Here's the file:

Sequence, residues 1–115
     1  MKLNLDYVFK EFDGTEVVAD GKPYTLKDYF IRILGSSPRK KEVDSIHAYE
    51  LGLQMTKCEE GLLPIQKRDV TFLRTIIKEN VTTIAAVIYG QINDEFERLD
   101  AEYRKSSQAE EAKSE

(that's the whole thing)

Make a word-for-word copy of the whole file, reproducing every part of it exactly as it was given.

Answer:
Sequence, residues 1–115
     1  MKLNLDYVFK EFDGTEVVAD GKPYTLKDYF IRILGSSPRK KEVDSIHAYE
    51  LGLQMTKCEE GLLPIQKRDV TFLRTIIKEN VTTIAAVIYG QINDEFERLD
   101  AEYRKSSQAE EAKSE